Surviving Spring Festival

Tips For Surviving Your Next Spring Festival

I didn’t travel during the Spring Festival last year. It’s the biggest holiday of the year here, comparable to Christmas back home. Almost everyone is off work and out of school – including me! Last year, I used it to relax at home and catch up on my reading list. This year, I was the nervous owner of ready-to-expire passport. Since I had a few days off, it seemed like a good time to take a train down to Shenyang to apply for a new passport and see some sites.

I learned that travelling during the Chinese New Year is a little bit different, so here’s what you need to know.

 

Buy your tickets in advance

The Spring Festival is a time for family. It’s the busiest time for travelling all year. Because most Chinese travellers stay with their families, booking hotels is unlikely to be an issue. Train or plane tickets, on the other hand, need to be booked well in advance, especially if you’re going to a major city like Beijing. One of the teachers at my school wanted to visit her family in Beijing for the holiday, but there weren’t any train tickets available. She resigned herself to taking a much longer bus ride down to Beijing.

 

Taxis are scarce!

I also bought my train tickets a little late, so I had to take an 8 pm train back to Harbin. I arrived after the subway closed, so I needed to take a taxi back home. The combination of a lot of travelers arriving in Harbin and a lot of cabbies out of town for the holiday made for a very long cab line. It took over half an hour to catch a cab home.

No matter where you are going, make sure you can use public transportation to get everywhere you need to go. Know what time the subway closes in your city and try to get home before that time. Alternatively, know which buses stop near your house. Most of the signs will be in Chinese, so have the name of the bus stop nearest your hotel and home written down in Chinese. If you can read a little Chinese, Baidu maps are great for navigating public transportation.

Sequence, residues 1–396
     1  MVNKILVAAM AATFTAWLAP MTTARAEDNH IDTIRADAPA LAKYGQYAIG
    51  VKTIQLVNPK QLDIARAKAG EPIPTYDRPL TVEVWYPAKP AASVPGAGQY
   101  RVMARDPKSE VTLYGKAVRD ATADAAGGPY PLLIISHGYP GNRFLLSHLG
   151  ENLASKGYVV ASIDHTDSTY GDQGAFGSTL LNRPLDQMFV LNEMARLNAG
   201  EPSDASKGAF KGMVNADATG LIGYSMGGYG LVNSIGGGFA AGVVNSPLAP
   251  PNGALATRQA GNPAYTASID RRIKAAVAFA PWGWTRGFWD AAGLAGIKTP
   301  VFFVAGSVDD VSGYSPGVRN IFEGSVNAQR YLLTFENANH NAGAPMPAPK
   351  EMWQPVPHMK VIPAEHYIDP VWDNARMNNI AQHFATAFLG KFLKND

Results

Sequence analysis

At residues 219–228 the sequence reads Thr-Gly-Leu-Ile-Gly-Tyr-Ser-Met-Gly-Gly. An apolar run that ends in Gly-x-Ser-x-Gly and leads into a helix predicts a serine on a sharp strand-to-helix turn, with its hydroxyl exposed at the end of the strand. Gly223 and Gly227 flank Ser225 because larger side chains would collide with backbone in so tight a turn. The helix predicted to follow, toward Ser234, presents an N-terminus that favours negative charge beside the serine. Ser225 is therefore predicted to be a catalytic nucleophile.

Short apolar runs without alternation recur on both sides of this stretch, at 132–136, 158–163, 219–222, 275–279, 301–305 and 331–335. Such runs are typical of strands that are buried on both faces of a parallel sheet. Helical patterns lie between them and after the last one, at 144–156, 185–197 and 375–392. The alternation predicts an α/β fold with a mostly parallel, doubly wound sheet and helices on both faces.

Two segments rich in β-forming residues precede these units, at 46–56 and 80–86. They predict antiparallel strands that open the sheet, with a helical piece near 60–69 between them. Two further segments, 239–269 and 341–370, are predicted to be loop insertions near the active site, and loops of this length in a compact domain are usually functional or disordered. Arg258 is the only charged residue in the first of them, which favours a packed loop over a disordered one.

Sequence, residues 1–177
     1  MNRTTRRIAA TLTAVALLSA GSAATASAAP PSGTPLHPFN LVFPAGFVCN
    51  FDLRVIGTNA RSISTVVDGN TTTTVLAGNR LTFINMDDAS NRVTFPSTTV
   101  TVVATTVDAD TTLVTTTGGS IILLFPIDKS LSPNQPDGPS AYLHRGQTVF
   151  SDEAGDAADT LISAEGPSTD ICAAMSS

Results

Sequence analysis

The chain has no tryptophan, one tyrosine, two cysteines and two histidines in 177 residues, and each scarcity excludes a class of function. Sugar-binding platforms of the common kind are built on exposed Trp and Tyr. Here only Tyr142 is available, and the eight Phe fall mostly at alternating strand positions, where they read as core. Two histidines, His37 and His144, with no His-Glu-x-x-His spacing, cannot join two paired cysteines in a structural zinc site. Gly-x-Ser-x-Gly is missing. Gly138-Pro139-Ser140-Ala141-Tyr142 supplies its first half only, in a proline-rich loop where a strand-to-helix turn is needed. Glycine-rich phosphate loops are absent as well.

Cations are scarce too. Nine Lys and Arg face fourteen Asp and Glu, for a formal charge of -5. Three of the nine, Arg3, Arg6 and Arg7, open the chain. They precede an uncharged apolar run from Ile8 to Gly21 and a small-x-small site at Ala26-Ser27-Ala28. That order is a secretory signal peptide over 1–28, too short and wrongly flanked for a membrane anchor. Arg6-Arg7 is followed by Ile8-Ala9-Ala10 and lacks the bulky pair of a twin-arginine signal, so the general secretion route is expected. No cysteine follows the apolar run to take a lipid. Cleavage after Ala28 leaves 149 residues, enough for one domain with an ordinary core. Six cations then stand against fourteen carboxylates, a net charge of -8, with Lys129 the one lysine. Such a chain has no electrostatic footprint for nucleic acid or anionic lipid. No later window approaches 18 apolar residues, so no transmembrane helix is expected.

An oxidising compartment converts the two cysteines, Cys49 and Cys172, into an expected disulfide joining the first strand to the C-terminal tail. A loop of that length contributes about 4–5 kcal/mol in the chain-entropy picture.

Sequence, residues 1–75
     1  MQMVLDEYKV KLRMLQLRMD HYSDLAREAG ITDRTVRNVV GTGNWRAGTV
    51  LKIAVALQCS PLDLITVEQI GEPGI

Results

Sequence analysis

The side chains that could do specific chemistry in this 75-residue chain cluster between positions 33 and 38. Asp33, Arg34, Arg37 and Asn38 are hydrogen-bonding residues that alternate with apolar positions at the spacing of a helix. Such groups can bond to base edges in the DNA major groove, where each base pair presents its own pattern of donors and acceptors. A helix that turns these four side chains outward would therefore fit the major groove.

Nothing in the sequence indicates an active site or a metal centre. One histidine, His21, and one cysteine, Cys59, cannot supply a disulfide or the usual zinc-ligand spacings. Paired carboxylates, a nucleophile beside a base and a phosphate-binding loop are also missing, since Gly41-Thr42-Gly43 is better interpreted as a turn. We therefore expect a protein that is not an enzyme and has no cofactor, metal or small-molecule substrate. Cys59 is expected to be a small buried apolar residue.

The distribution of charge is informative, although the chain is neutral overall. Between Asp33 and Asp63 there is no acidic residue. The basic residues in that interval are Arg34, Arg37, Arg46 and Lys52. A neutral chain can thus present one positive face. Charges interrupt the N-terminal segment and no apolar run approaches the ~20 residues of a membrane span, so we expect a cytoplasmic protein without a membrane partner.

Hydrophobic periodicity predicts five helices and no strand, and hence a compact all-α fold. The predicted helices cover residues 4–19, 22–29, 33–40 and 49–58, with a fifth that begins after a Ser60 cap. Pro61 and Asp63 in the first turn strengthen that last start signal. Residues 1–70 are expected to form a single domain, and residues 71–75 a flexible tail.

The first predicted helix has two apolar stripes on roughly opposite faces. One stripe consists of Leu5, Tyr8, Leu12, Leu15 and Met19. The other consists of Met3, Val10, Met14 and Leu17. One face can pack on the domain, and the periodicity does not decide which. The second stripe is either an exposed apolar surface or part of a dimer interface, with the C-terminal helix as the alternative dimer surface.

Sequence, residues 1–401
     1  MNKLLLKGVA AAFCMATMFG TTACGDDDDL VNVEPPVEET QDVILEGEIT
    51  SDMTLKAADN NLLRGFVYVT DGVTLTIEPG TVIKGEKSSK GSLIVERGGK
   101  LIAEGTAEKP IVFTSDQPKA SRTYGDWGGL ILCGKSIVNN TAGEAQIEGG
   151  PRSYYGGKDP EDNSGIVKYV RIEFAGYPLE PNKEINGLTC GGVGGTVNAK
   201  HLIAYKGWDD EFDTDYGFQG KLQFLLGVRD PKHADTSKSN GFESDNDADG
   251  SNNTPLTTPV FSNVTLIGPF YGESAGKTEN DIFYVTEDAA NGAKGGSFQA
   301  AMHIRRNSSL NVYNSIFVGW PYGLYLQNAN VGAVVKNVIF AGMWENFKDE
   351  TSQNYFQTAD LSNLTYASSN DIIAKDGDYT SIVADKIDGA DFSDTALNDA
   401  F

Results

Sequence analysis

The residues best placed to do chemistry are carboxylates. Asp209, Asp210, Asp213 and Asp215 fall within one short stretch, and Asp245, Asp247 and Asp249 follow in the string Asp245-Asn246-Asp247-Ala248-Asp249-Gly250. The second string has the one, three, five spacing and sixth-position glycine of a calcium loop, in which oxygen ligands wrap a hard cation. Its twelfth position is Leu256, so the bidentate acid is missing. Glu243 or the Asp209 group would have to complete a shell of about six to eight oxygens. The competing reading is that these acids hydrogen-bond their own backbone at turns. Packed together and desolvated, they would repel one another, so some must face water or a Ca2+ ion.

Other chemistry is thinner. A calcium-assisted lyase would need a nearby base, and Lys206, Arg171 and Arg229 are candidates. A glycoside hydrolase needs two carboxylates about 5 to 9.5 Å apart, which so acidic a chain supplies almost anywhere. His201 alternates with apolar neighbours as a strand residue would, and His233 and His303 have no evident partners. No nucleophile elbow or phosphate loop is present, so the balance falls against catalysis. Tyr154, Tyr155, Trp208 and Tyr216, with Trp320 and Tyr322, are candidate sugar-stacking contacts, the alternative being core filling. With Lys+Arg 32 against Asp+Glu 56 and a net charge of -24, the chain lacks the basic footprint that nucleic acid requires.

You’ll have the place to yourself

Since everyone else is with their families, tourist sites are much emptier than usual. If you don’t like crowds, this can be an excellent time to do some exploring. When I was visiting the Shenyang Imperial Palace and the North Tombs, I only saw a handful of other people. This was especially the case in the morning. I didn’t wait in line to buy a ticket, and those tickets were discounted because I was visiting in the off-season. Taking photographs without random people walking through was really easy. I booked a four-bedroom in a hostel, and had the room entirely to myself my whole stay!

 

A lot of places will be closed

Even on the days leading up to the new year, many restaurants and stores were closed. This is especially true of the small, family-owned restaurants that are so common here. This means you might have to walk a little farther to find dinner. It might also mean you frequent larger restaurants or restaurant chains more than you might otherwise. If you’re travelling on the Chinese New Year’s Day, make sure you have enough water and food at the hostel to get you through the day. Even the large foreign chains tend to close the day of.

When you live and work in China, Spring Festival can be a great time to travel, but it might require a little more planning. Buy your tickets in advance, and plan to rely on public transportation, not taxis. Make sure all of the places you want to see will be open during your trip. Don’t expect to go anywhere on Chinese New Year’s Day. If you’re able to do that, you can enjoy any number of amazing destinations in China, sans the usual crowds. You might even save a little money for going in non-peak seasons.

 

Will you survive Spring Festival?

Come teach English in China with EF and find out

 


Aly BrunsonAly is an avid reader and language learner. She spends her free time devouring books at her favourite coffee shop, puzzling out Chinese, and stuffing her hard drive full of pictures of China.